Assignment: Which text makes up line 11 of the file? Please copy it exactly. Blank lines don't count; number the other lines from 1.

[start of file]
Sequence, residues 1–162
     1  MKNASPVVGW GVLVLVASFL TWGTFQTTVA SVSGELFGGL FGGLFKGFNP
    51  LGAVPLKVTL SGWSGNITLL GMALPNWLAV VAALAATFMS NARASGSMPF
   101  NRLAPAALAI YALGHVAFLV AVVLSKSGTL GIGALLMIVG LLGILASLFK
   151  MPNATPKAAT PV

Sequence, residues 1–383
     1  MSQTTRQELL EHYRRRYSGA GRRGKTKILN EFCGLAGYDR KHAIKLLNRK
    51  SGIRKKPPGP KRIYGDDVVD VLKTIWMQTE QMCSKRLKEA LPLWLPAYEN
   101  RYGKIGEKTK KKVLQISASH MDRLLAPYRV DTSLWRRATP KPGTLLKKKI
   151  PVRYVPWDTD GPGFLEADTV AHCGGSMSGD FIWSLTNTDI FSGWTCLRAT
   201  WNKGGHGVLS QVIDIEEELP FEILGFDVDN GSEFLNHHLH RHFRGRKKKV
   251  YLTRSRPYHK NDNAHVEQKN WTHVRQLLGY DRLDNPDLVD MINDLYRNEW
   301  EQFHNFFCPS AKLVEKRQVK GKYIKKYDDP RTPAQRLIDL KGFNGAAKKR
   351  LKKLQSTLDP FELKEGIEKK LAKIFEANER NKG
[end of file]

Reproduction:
   201  WNKGGHGVLS QVIDIEEELP FEILGFDVDN GSEFLNHHLH RHFRGRKKKV